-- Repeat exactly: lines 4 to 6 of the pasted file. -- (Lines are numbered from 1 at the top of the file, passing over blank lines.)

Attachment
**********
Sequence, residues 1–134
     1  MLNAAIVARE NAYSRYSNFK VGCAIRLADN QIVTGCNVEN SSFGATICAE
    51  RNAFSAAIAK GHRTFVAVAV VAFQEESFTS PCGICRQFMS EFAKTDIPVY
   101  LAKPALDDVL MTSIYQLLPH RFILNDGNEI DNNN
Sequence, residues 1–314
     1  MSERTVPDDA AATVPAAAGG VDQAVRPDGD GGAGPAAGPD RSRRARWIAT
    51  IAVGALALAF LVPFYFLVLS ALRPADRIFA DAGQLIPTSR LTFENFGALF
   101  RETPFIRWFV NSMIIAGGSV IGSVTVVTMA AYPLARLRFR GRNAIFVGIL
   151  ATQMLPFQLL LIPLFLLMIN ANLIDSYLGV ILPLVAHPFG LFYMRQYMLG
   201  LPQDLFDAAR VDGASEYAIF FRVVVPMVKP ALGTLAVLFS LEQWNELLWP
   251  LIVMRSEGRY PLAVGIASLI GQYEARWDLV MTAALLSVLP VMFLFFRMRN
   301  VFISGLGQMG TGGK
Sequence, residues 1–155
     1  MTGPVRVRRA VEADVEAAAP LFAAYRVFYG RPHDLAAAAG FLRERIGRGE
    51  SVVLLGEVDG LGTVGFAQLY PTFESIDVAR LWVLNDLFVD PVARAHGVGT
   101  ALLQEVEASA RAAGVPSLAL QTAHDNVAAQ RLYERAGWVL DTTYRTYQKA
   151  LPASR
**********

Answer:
   101  LAKPALDDVL MTSIYQLLPH RFILNDGNEI DNNN
Sequence, residues 1–314
     1  MSERTVPDDA AATVPAAAGG VDQAVRPDGD GGAGPAAGPD RSRRARWIAT